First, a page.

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The History of Wine – From Ancient Times to Modern-Day

Wine is a staple drink in most cultures, with its tangy taste and aroma creating the perfect mood-altering beverage. It’s also a powerful symbol of civilization and culture, with its history spanning the centuries and influencing the modern day. Find out the best info about The History of Wine.

The history of wine is as fascinating as its taste, and there’s no better way to explore its past than through a comprehensive look at how it’s impacted the world over the years. We’ll examine how wine has shaped human history from the ancient Greeks to the New World.

When Wine First Came into Being

Archaeological studies show that the earliest wine made in ancient times was not distilled but created by accident. It was probably made from wild grapes growing on an old vine, stuffed in a jar, and left to ferment. The resulting substance had such a profound effect on people that they started to look upon it as a gift from the gods, and the viticultural practice became a central part of their social life.

Throughout the Near East, the early use of vines and grape cultivation dates back to 4000 BCE. The Egyptians had their version of the practice, and the Phoenicians were instrumental in spreading wine and viticulture across the Mediterranean.

As the centuries passed, the Romans and Greeks took viticulture into their own hands. They revolutionized the wine industry, developing a grape-based economy and laying the foundations for the great European vineyards we know today.

The Romans were a civilization that excelled at science, technology, and engineering, and they quickly saw the potential for wine to improve the lives of their people. As a result, their wine culture spread from Italy and Greece into the rest of Europe, where it helped to make the continent a global powerhouse.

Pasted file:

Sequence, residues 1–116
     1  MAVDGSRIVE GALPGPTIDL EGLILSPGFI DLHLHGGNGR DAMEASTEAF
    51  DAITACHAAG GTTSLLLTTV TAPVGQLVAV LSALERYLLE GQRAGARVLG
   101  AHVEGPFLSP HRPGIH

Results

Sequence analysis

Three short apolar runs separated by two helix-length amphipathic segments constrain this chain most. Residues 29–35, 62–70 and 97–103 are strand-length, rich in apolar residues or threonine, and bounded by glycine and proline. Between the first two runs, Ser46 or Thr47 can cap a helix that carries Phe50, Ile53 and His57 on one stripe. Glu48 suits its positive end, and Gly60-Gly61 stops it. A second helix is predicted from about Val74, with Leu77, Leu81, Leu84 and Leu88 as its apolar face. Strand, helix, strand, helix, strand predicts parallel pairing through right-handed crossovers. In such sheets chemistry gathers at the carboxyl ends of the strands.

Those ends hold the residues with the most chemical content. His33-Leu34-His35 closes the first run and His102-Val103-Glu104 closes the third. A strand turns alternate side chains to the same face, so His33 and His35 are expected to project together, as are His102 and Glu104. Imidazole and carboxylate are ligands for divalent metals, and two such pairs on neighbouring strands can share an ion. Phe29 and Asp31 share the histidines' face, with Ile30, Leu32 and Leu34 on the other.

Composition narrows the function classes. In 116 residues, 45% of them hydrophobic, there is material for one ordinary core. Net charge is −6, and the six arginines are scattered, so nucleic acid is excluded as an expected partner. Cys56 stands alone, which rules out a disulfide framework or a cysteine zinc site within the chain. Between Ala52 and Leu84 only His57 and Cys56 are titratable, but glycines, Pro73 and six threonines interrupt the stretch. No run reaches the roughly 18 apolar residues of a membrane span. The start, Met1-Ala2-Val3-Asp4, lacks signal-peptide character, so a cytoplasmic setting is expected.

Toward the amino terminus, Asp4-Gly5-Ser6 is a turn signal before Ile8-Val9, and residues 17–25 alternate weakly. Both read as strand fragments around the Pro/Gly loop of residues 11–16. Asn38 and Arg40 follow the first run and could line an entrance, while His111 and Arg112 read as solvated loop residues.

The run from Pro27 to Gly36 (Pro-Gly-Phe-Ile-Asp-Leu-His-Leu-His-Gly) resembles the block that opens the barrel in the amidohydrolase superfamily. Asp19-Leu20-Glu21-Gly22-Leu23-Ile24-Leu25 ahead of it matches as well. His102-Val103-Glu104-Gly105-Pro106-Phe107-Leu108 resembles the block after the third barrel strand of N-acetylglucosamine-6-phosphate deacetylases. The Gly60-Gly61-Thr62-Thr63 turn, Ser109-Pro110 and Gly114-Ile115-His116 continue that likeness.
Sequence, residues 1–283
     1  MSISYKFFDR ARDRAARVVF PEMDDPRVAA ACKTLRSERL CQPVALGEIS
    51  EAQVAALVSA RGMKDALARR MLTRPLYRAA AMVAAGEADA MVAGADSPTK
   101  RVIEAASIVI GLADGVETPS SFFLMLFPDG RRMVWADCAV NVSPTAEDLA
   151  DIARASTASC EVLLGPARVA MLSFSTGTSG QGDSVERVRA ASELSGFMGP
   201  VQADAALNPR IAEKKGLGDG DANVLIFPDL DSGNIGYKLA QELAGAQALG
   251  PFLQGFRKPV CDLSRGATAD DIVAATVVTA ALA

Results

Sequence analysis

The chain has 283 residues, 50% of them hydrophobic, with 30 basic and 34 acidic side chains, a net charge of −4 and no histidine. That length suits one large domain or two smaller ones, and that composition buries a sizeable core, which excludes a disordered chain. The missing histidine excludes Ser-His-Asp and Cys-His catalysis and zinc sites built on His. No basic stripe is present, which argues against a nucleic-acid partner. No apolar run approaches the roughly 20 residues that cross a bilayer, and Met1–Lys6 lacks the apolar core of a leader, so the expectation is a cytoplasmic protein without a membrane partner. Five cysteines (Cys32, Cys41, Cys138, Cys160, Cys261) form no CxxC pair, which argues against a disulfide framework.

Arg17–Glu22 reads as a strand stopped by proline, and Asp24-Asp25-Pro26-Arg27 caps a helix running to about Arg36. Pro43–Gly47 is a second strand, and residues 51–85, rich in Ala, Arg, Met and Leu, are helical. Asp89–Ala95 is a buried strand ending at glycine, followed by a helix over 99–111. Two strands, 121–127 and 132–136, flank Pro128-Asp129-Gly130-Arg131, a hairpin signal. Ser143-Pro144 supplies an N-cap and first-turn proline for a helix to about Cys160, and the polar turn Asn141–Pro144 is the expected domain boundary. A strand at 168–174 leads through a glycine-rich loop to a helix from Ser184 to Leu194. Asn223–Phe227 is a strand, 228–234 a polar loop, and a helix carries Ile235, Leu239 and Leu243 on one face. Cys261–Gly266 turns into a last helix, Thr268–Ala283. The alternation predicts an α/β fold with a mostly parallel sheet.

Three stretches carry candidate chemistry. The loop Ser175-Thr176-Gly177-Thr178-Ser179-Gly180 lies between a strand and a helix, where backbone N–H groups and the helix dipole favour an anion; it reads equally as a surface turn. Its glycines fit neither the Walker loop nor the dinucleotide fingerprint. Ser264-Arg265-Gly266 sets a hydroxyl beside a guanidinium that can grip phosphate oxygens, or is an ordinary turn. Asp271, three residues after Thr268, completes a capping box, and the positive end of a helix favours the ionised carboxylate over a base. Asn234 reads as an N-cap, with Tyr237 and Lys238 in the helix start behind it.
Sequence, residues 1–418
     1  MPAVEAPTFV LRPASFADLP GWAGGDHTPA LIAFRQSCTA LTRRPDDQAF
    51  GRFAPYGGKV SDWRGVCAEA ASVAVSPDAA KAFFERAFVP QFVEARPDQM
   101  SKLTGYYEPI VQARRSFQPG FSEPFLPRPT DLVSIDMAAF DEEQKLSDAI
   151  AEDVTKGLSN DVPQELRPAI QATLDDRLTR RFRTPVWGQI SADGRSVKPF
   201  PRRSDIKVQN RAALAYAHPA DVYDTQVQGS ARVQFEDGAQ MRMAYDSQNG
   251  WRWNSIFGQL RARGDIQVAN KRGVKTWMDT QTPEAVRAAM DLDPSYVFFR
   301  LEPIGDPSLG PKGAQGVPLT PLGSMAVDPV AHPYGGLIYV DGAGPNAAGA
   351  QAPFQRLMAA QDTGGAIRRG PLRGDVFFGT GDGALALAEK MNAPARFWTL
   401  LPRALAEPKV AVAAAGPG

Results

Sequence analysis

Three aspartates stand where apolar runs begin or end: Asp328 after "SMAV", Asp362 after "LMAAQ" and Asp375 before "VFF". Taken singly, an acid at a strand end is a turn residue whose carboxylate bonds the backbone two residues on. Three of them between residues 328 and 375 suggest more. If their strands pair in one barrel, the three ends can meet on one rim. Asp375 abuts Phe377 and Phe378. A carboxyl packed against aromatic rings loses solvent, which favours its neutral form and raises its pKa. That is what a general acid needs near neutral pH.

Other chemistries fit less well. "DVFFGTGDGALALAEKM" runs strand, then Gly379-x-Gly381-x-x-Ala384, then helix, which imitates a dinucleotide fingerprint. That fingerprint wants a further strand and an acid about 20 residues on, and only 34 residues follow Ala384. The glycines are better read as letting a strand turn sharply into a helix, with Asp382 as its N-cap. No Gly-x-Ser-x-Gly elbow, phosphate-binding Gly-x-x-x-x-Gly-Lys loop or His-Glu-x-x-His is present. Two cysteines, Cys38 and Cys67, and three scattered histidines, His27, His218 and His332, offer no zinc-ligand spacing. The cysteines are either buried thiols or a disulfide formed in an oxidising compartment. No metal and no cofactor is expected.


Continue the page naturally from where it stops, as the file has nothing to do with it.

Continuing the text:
Christianity and the Catholic Church dominated the Roman Empire, and wine continued to play an essential role in religious ceremonies. It was used in the Eucharist sacrament, which commemorated Christ’s last supper and is still performed in some communities. It was also associated with blood and, to this day, is a symbol of the faith and sacrifice of Jesus.

From the Middle Ages to the Renaissance

The wine trade spread throughout the Western world as people discovered new places to plant vines and make wine, with France, Germany, and Italy leading the charge. Benedictine monks founded vineyards in Champagne, Burgundy, Bordeaux, and Riesling in Germany. The winemaking monks grew grapes for their enjoyment and export, but they also made enough to ship to churches and secular venues in other parts of Europe. Hence, their influence spread beyond their original regions.

In the 16th century, European conquests brought European grape production to Latin America and South Africa. In South Africa, grapes were planted in the Cape Province during a Dutch East India Company colonization of the area. The Dutch sailors’ need for a drink during long transatlantic journeys meant there was sufficient demand to create successful vineyards in this region, which would later become known as the New World.

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